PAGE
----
Governments aren’t generally known for innovation, but government policy greatly influences – both positively and negatively – the level of innovation in an economy.
An opinion piece by Jack Mintz in the Financial Post looks for the Federal Budget, due to be introduced in 2 weeks, to bring changes to create a more friendly investment climate.
Last year’s federal budget was strewn with anti-innovation policies, bringing back the failed tax credit for labour-sponsored venture corporations and bringing in higher taxes on business and entrepreneurs. If this year’s budget brings in higher capital gains taxes and more regulatory burdens and subsidies targeted at the wrong firms, all that talk of innovation will be empty. We won’t likely see it improve.
If we want more innovation, we’ll need to make Canada friendlier to investment, particularly in the face of the rising competitiveness of the U.S. under the Trump administration.
Instead, a more business-friendly environment for investment should be our aim in face of a new U.S. competitive environment now confronting Canada.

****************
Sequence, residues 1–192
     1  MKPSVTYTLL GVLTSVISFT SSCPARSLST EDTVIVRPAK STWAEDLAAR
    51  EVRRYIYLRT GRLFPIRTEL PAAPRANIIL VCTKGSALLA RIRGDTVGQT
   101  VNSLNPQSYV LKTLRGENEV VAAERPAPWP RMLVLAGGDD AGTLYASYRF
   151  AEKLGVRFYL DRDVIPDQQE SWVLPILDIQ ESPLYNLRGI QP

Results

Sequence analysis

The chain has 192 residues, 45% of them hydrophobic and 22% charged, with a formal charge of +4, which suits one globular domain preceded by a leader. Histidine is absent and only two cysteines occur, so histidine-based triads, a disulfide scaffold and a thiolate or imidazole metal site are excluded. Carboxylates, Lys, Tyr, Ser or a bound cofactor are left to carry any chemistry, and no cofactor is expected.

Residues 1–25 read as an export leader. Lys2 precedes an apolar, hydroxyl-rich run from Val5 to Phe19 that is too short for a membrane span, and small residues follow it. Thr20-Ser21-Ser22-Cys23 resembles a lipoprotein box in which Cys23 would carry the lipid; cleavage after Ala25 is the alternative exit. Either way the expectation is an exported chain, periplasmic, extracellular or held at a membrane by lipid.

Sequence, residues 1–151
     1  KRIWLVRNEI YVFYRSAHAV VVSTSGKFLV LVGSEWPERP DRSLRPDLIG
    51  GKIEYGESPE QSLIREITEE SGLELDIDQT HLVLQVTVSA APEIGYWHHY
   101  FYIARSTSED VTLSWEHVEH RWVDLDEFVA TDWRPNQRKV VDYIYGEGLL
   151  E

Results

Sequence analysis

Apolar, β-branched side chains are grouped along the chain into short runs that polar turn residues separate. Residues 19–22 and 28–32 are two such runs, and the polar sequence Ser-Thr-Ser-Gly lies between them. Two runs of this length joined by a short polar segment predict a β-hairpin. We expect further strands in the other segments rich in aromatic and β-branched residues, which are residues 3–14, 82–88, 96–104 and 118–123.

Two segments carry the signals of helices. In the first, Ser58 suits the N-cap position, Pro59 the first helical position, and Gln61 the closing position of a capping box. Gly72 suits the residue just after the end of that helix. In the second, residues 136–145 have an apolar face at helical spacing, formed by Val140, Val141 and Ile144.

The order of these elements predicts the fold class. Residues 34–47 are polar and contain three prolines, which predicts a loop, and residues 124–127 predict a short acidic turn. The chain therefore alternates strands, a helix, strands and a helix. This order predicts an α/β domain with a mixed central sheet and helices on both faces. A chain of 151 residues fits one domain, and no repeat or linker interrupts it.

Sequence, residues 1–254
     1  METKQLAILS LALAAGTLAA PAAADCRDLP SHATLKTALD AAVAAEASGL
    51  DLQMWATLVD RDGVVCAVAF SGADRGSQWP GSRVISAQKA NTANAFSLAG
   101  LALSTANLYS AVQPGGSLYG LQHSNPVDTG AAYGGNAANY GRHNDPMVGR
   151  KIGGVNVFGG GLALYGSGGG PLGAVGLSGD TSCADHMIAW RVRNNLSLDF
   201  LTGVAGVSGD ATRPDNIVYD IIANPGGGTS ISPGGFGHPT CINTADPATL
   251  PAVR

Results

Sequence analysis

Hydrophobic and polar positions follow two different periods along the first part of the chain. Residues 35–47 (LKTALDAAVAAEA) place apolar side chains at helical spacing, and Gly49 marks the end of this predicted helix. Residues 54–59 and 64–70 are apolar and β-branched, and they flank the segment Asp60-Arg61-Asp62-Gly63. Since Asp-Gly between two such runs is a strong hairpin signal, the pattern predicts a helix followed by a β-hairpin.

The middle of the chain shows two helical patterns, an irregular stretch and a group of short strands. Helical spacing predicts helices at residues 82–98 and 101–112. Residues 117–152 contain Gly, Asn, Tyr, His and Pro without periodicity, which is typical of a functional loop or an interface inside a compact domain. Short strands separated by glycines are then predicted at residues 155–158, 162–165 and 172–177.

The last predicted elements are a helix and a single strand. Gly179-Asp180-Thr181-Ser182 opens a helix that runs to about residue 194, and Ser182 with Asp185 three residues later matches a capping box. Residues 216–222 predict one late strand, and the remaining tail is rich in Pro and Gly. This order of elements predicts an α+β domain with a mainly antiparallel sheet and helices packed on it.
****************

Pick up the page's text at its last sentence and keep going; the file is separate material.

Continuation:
Setting the right climate influences not only whether innovation takes place, it influences where. Our policies need to encourage investment and growth inside Canada. As Mintz concludes, “If Morneau really wants more [innovation] in Canada, he should avoid trying to pick favourite sectors to treat with subsidies and spending and instead create a better environment for businesses to invest in new ideas.”
Innovation and innovation policy will figure prominently on the agenda for The 2017 Canadian Telecom Summit, taking place June 5-7 in Toronto.
Among other issues, panels and keynote speakers will examine what are the characteristics of a policy framework that fosters the development of a more innovative economy.
The Canadian Telecom Summit brings together the thought leaders and key influencers of the Canadian and global ICT industry.
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